The data-information-knowledge-wisdom (DIKW) hierarchy as a pyramid to manage knowledge. Reproduced with permission from Tedeschi (2019).

The data-information-knowledge-wisdom (DIKW) hierarchy as a pyramid to manage knowledge. Reproduced with permission from Tedeschi (2019).

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• The improvement of nutrition efficiency in sheep and goats is more challenging than for other species. Because of their nutritional and environmental adaptability, sheep and goats are reared in very diverse farming (from extensive to highly intensive) and feeding (from grazing and browsing to total mixed diets) systems, in wide-ranging geographic...

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... learning is needed to develop ideas to gain knowledge. Much of the Platonic thinking on knowledge was incorporated into the data-information-knowledge-wisdom hierarchy (Figure 6), which acts as a lighthouse that has guided much scientific research. At the beginning of research endeavors in any science field, scientists lacked data and frequently blamed that lack on our inability to make adequate predictions or forecasts. ...
Context 2
... intelligence misses the wisdom in the data-information-knowledge-wisdom hierarchy because wisdom requires judgments that are unique to individuals who assimilate information and knowledge simultaneously to make intelligent decisions and novelty creations. The scientific road we have traveled since the 1940s has had its ups and downs (Tedeschi, 2019), reflecting our appetite for scientific data, the need to understand the unknown, and the desire to make rational decisions to improve our livelihoods, assuming that greater knowledge and wisdom would reduce the risks of being wrong ( Figure 6). Despite our ignorance of how artificial intelligence works its way through data in developing its sets of neural network weights for the inputs-what some call learning-it is a powerful advancement in predictive analytics. ...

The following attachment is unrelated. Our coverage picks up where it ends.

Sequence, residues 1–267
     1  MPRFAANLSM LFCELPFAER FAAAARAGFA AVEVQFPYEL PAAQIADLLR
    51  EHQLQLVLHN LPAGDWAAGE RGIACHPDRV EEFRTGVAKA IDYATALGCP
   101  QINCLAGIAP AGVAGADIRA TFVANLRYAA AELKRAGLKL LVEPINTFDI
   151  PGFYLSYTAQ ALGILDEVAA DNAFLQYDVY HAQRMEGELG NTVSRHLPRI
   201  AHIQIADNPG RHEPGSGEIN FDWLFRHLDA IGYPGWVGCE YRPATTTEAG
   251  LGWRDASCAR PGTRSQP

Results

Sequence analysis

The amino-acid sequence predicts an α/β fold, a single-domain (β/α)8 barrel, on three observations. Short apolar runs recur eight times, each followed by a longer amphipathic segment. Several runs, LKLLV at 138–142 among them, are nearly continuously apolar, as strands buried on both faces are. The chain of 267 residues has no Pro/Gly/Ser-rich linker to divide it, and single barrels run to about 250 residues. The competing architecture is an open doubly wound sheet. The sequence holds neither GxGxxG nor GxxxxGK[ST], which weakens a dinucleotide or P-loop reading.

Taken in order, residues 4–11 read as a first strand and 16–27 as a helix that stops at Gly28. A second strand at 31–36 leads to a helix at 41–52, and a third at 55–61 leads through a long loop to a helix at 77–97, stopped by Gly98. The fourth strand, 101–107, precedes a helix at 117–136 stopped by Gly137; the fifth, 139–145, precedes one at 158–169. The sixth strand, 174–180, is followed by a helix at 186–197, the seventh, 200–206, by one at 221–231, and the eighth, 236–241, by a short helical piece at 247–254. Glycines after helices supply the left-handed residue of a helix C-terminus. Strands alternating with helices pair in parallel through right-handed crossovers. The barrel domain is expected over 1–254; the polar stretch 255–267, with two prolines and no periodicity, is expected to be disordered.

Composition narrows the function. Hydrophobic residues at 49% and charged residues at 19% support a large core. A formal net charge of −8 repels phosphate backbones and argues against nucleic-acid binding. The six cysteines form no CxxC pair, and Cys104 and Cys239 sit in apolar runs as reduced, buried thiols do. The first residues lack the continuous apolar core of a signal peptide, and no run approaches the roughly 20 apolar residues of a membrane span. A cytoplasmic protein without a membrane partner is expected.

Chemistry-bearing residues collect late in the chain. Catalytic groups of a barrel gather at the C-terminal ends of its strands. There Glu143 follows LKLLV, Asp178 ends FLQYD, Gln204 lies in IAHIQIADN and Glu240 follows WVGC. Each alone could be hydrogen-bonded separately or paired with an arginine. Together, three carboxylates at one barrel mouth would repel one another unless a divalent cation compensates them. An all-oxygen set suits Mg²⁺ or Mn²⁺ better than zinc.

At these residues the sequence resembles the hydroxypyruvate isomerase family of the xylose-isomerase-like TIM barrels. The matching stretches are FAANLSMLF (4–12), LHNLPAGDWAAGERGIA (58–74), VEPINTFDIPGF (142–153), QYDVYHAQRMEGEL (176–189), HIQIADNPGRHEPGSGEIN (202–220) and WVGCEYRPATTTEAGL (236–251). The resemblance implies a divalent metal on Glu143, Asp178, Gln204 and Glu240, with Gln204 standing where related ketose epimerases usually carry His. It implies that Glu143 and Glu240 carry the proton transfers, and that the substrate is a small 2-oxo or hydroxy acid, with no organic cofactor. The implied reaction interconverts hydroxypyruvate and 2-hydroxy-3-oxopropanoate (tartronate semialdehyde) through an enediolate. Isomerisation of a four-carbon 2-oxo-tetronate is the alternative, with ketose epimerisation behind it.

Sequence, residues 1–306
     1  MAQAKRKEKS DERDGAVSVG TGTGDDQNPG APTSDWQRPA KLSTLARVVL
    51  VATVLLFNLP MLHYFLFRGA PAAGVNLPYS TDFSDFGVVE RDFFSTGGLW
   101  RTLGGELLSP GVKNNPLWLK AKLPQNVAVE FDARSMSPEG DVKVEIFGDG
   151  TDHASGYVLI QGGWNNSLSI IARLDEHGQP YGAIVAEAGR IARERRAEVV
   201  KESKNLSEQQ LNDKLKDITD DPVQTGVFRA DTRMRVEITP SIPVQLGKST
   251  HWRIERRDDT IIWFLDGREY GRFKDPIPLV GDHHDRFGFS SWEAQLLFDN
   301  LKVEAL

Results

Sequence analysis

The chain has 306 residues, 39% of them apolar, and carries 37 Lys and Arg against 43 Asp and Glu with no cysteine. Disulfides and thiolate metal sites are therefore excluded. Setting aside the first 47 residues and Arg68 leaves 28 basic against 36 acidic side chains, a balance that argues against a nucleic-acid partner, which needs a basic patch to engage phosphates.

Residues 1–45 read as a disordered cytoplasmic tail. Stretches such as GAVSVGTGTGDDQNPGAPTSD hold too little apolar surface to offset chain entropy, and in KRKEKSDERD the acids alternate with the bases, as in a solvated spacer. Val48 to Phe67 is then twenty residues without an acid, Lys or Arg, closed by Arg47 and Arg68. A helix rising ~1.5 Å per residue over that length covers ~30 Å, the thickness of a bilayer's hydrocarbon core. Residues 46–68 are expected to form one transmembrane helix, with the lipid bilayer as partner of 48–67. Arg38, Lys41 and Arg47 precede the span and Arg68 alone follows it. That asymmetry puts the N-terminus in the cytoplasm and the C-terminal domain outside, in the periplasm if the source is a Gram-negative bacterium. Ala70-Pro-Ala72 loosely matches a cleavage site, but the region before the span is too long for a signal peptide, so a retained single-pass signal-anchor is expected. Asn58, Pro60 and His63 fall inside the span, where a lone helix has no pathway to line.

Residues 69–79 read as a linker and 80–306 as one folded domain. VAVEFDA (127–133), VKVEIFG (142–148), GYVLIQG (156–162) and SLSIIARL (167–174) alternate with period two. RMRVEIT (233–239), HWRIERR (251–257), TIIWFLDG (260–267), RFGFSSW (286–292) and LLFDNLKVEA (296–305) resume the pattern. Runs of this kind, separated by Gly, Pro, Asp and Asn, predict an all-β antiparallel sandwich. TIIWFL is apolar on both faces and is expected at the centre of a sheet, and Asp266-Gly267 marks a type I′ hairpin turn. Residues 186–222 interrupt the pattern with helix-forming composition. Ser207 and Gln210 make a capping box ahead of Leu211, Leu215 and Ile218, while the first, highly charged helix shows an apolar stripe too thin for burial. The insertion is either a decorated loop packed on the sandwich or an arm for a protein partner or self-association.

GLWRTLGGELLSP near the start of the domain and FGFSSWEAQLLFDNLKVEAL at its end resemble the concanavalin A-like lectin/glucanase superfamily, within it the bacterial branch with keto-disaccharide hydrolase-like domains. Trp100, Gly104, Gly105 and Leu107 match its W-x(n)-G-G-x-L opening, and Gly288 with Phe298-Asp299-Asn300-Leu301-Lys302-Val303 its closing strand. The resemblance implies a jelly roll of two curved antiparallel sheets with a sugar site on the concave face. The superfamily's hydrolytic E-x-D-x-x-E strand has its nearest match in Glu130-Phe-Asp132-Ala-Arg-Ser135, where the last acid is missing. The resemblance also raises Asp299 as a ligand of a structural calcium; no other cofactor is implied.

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... In arid zones, small body-sized and dwarf goats can survive better than other breeds (Gaughan et al. 2019). Recently, there has been an increased goat population in Africa and Asia (FAOSTAT 2017), with the total world number of small ruminants growing at a faster rate (Cannas et al. 2019). In an indirect response to the growing climate change, global goat and sheep population post-millennium has increased by more than 282 million and 142 million, respectively, compared to 177 million in cattle (FAOSTAT 2017). ...
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... The FAO statistical database (FAOSTAT, 2020; http://www.fao.org/faostat/en/#home; accessed on 15 March 2021) reports 1239 million sheep heads in the global population in 2020, which increased by approximately 15% in the last 15 years [5]. However, this estimated population size has remained almost stable over the last three decades (FAOSTAT, 2020). ...
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... The generated reinforcing loop, labeled "flock size", is expected to drive exponential growth of the system ( Figure 3.1). Since regional flock maintenance is highly associated with methane emissions (Cannas et al. 2019;Atzori et al. 2020), an exponential growth in flock size will also drive exponential growth in environmental impact (Figure 3.1). Exponential growth is not a sustainable pattern in systems (Ford 1999;Turner et al. 2016). ...
... that would respect the current cheese and milk market conditions and the land use capacity of Sardinia. Indeed, a constant increase in production efficiency would push for a reduction in sheep heads, which would lead to a positive reduction in environmental impact Cannas et al. 2019;Marino et al. 2016). ...
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... An interesting finding is that the extensive efficient farms seem to depend more on home-grown feed, whereas the intensive and semi-intensive farms depend more on purchased feed. Sheep farmers even under the same production system apply different feeding strategies; some produce home-grown feed, whereas others prefer to purchase a large part of their feed from markets and a debate regarding which strategy is the most profitable differ [29,40]. Another interesting result is that the fixed cost, which is the most important source of production cost followed by feeding cost, was much higher in the inefficient farms. ...